Over-engineered code is over-engineered


Lars is one of the few mononymous people in the Emacs universe. His greatest contribution to Emacs would be Gnus, a 100k SLOC heavy NNTP reader people commonly customize to read Email. I found the following after taking a quick look at gnus.el:

(defun gnus-interactive (string &optional params)
  "Return a list that can be fed to `interactive'.
See `interactive' for full documentation.

Adds the following specs:

y -- The current symbolic prefix.
Y -- A list of the current symbolic prefix(es).
A -- Article number.
H -- Article header.
g -- Group name."
  (let ((i 0)
        out c prompt)
    (while (< i (length string))
      (string-match ".\\([^\n]*\\)\n?" string i)
      (setq c (aref string i))
      (when (match-end 1)
        (setq prompt (match-string 1 string)))
      (setq i (match-end 0))
      ;; We basically emulate just about everything that
      ;; `interactive' does, but add the specs listed above.
        ((= c ?a)
         (completing-read prompt obarray 'fboundp t))
        ((= c ?b)
         (read-buffer prompt (current-buffer) t))
        ((= c ?B)
         (read-buffer prompt (other-buffer (current-buffer))))
        ((= c ?c)
        ((= c ?C)
         (completing-read prompt obarray 'commandp t))
        ((= c ?d)
        ((= c ?D)
         (read-directory-name prompt nil default-directory 'lambda))
        ((= c ?f)
         (read-file-name prompt nil nil 'lambda))
        ((= c ?F)
         (read-file-name prompt))
        ((= c ?k)
         (read-key-sequence prompt))
        ((= c ?K)
         (error "Not implemented spec"))
        ((= c ?e)
         (error "Not implemented spec"))
        ((= c ?m)
        ((= c ?N)
         (error "Not implemented spec"))
        ((= c ?n)
         (string-to-number (read-from-minibuffer prompt)))
        ((= c ?p)
         (prefix-numeric-value current-prefix-arg))
        ((= c ?P)
        ((= c ?r)
        ((= c ?s)
         (read-string prompt))
        ((= c ?S)
         (intern (read-string prompt)))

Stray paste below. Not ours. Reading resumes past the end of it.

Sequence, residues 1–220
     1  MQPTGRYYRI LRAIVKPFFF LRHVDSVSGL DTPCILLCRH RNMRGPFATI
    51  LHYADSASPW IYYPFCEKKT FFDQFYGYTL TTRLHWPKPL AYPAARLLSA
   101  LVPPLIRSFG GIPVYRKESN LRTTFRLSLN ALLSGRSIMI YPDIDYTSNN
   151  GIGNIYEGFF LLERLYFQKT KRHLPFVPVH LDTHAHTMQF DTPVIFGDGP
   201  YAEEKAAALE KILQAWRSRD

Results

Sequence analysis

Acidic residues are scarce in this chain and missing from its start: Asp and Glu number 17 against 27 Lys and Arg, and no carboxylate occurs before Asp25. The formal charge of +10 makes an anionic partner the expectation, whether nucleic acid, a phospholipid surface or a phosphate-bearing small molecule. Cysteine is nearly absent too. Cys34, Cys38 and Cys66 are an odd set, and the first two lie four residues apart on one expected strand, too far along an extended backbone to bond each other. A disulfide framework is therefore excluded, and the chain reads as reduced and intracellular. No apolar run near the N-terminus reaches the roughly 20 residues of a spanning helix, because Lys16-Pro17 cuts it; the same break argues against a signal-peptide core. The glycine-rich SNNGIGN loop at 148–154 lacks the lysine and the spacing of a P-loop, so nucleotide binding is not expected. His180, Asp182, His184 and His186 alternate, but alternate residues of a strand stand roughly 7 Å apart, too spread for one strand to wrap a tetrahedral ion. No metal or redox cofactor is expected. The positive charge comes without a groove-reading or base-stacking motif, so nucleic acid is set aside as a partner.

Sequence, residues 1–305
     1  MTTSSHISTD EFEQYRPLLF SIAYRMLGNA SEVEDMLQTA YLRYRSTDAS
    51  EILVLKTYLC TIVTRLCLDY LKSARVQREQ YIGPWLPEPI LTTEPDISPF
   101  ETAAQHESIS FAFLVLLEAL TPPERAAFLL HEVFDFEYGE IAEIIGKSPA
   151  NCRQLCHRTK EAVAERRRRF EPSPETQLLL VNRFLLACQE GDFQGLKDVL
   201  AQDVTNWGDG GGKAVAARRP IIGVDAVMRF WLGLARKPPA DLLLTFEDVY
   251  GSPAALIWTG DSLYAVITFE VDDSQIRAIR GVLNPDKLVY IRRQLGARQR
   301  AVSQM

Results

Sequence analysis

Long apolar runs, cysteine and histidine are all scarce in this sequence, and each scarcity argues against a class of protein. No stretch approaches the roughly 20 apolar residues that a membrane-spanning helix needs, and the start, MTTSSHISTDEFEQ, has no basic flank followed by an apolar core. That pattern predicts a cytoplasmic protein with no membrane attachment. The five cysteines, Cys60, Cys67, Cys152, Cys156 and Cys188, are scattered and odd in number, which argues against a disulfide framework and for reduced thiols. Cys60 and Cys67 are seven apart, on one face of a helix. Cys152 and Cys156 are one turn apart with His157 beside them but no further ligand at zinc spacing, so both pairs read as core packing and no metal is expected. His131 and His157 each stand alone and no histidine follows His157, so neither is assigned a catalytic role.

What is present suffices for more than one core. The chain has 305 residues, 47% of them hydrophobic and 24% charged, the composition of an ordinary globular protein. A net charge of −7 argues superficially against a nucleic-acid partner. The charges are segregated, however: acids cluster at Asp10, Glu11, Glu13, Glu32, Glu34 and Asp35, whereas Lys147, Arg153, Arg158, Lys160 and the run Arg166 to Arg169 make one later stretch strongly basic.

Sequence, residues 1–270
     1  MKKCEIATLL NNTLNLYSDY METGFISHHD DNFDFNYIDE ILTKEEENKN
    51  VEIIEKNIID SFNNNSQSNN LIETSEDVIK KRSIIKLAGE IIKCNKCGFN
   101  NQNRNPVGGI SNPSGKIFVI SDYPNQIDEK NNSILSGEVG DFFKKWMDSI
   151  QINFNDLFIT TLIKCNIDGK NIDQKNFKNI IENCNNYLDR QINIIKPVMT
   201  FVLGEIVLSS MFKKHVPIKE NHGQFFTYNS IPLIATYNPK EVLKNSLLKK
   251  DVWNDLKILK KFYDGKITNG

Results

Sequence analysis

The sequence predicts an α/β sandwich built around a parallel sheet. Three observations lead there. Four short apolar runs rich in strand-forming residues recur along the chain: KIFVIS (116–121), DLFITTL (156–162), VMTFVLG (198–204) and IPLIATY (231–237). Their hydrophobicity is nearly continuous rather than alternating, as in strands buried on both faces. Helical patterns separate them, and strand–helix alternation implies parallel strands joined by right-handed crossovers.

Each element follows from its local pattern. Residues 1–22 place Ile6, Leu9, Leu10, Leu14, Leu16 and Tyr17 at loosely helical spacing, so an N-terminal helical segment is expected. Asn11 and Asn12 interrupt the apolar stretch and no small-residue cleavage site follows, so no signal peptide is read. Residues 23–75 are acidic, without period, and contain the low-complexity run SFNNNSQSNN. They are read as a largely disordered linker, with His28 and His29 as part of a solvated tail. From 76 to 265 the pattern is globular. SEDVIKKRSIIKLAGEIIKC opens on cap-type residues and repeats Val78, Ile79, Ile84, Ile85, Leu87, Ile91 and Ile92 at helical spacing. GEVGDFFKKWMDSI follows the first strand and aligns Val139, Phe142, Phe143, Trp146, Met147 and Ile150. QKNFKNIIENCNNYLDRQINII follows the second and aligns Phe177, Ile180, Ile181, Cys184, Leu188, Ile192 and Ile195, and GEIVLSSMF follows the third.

((= c ?v)
         (read-variable prompt))
        ((= c ?x)
         (read-minibuffer prompt))
        ((= c ?x)
         (eval-minibuffer prompt))
        ;; And here the new specs come.
        ((= c ?y)
        ((= c ?Y)
        ((= c ?g)
        ((= c ?A)
         (or (get-text-property (point) 'gnus-number)
        ((= c ?H)
         (gnus-data-header (gnus-data-find (gnus-summary-article-number))))
         (error "Non-implemented spec")))
       ((= c ?r)
        (push (if (< (point) (mark)) (point) (mark)) out)
        (push (if (> (point) (mark)) (point) (mark)) out))))
    (setq out (delq 'gnus-prefix-nil out))
    (nreverse out)))

First of all, a bit of background. Emacs Lisp knows functions, like many other programming languages. However, commands in Emacs often allow arguments to be supplied, be it by a prefix argument or reading in extra data. This is achieved by adding an interactive specification after its docstring; command-execute or call-interactively will then fetch its interactive specification via interactive-form and execute the respective C code to fill in the unspecified function arguments. To allow for non-standard ways of providing arguments, a form returning a list of the arguments can be used instead of a string.

So, what’s Gnus doing? Instead of using said alternative form, it reinvents the majority of call-interactively, leaves out a few supported codes, adds a few of its own, alters the behaviour of the r code, then spits out a list.

Is this code actually used? Well, if ag is to be trusted, there’s exactly one variant of gnus-interactively sprinkled all over its code, (interactive (gnus-interactive "P\ny")). This could be replaced by a function returning a list containing current-prefix-arg and whatever the relevant code of gnus-symbolic-argument for its symbolic prefixes feature is, but would that have been as fun as this nonsensical exercise in NIH? Surely not!